After the judgment had been handed down or given, Makonye’s legal practitioner filed a notice of appeal on 19 February 2004.   The notice of appeal was fatally defective in two respects –

 

                        The first fatal defect was that the notice of appeal was not filed within fifteen days of the decision appealed against being given, as required by r 5 of the Rules.   And the second fatal defect was that the notice of appeal did not state the date on which the decision appealed against was given, as required by r 7(b) of the Rules.

 

                        When Makonye’s legal practitioner prepared the application for an extension of time within which to appeal he must have been under the misapprehension that the only defect in the notice of appeal which called for an explanation was the failure to state the date on which the decision appealed against was given.   I say so for two reasons –

 

                        The first reason is that nowhere in his founding affidavit did the legal practitioner explain the failure to note the appeal timeously, i.e. within the fifteen days referred to in r 5 of the Rules.   And the second reason is that in para 3 of the founding affidavit the legal practitioner made it quite clear that the only defect which had prompted the application was the omission to state the date when the decision appealed against was given.   The paragraph reads as follows:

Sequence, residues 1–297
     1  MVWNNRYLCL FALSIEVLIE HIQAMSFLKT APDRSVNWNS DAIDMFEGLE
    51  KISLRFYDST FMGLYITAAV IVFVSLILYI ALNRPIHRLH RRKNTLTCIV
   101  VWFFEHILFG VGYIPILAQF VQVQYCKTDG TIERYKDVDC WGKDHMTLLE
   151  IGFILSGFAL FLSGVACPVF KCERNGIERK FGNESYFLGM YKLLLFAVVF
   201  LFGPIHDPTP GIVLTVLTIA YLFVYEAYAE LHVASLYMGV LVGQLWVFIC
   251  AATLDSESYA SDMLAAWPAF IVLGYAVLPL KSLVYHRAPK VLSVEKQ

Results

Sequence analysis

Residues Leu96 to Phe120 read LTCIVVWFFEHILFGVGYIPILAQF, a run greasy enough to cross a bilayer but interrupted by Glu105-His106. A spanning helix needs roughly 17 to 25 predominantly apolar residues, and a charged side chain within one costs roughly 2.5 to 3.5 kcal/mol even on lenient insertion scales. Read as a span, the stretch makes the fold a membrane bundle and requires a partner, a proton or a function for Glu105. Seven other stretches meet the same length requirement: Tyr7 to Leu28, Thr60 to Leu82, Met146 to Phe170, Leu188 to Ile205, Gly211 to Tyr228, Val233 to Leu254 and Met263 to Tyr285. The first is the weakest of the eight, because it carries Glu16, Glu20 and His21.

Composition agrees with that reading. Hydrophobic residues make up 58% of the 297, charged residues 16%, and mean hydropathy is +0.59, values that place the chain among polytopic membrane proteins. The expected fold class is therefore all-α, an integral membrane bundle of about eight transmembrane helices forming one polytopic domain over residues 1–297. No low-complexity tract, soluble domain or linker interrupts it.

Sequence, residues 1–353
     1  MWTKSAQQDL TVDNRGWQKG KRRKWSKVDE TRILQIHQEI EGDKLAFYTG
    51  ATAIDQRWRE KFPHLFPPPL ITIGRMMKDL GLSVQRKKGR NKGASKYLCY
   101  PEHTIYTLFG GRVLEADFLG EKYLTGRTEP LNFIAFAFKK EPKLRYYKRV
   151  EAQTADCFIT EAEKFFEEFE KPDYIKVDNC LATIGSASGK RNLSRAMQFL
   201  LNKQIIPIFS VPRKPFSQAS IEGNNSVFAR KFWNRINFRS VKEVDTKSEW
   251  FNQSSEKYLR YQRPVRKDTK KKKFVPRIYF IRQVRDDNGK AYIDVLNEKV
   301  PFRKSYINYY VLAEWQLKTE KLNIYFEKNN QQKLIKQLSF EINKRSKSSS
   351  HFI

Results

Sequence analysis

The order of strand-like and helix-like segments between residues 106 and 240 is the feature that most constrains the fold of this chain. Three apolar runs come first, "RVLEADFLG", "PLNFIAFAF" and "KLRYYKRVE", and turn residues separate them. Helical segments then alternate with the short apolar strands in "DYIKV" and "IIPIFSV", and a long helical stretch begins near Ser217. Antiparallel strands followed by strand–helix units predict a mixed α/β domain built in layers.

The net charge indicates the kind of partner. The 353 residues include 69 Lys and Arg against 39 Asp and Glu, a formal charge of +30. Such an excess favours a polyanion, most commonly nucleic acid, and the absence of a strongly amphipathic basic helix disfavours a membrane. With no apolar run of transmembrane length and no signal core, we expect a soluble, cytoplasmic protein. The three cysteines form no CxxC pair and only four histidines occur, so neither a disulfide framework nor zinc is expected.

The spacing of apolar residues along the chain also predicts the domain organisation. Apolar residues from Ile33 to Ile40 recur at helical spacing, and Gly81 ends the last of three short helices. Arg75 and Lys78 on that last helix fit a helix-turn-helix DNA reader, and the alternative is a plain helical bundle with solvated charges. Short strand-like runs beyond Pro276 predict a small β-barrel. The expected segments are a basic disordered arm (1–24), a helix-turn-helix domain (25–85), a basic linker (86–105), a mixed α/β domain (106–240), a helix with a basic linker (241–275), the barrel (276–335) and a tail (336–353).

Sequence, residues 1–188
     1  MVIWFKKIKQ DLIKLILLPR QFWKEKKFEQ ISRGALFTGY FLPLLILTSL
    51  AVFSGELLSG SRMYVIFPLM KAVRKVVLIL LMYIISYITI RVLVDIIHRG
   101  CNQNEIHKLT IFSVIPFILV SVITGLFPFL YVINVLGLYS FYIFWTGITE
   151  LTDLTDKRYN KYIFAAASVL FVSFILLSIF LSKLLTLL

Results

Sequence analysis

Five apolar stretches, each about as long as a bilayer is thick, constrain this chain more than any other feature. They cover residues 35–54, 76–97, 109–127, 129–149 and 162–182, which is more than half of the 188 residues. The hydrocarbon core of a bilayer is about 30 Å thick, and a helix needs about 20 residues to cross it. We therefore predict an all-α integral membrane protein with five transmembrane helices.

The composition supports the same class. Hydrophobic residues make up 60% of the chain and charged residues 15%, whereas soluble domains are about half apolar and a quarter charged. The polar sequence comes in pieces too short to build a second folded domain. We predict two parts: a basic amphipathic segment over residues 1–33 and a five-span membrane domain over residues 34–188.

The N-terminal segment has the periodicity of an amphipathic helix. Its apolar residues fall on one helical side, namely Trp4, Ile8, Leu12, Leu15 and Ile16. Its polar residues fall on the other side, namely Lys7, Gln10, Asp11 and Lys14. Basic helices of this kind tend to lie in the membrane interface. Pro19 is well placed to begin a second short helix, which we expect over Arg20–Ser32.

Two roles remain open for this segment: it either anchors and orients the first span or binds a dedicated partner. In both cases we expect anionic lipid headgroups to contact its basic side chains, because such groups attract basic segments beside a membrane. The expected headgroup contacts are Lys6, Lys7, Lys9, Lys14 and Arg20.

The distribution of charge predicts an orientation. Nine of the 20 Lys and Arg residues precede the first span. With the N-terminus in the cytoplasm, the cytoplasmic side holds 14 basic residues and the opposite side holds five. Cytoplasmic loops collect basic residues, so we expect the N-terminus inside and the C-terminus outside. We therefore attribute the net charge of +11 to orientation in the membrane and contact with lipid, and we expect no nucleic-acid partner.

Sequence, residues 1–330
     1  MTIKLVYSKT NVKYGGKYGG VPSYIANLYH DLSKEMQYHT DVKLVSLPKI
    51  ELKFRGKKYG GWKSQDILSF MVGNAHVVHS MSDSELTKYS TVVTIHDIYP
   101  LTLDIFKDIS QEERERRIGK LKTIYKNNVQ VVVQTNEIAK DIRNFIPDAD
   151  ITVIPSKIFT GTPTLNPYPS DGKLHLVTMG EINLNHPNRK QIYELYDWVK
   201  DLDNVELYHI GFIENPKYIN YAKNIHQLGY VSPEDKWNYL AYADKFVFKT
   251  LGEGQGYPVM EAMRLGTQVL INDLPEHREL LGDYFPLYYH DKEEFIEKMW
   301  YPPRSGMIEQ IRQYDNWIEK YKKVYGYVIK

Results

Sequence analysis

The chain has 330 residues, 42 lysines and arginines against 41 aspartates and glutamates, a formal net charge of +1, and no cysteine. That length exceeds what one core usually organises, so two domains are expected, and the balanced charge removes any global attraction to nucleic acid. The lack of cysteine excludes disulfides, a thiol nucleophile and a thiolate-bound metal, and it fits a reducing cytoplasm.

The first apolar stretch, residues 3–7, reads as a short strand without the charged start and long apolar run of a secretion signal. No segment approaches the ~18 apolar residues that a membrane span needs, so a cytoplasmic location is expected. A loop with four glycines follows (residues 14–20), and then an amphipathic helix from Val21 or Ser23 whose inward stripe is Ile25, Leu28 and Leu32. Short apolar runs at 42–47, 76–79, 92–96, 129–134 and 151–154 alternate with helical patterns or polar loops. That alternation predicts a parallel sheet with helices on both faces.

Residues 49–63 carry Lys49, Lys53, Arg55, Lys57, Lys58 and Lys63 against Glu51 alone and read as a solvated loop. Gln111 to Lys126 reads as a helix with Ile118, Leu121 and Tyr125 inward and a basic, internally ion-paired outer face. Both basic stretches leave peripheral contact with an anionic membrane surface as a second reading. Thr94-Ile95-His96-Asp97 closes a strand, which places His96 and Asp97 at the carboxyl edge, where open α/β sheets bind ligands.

“This application has been necessitated by the fact that the notice of appeal filed of record does not strictly comply with the Supreme Court Rules in the sense that it did not spell out the date when judgment was delivered.”

 

                        In the circumstances, no explanation whatsoever was given for the failure to note the appeal timeously, and no special circumstances as envisaged by r 6 were shown in order to justify the extension of the time within which to appeal.

 

                        The application could not, therefore, succeed and was dismissed with costs.

 

 

 

 

Atherstone & Cook, applicant's legal practitioners

Scanlen & Holderness, respondent's legal practitioners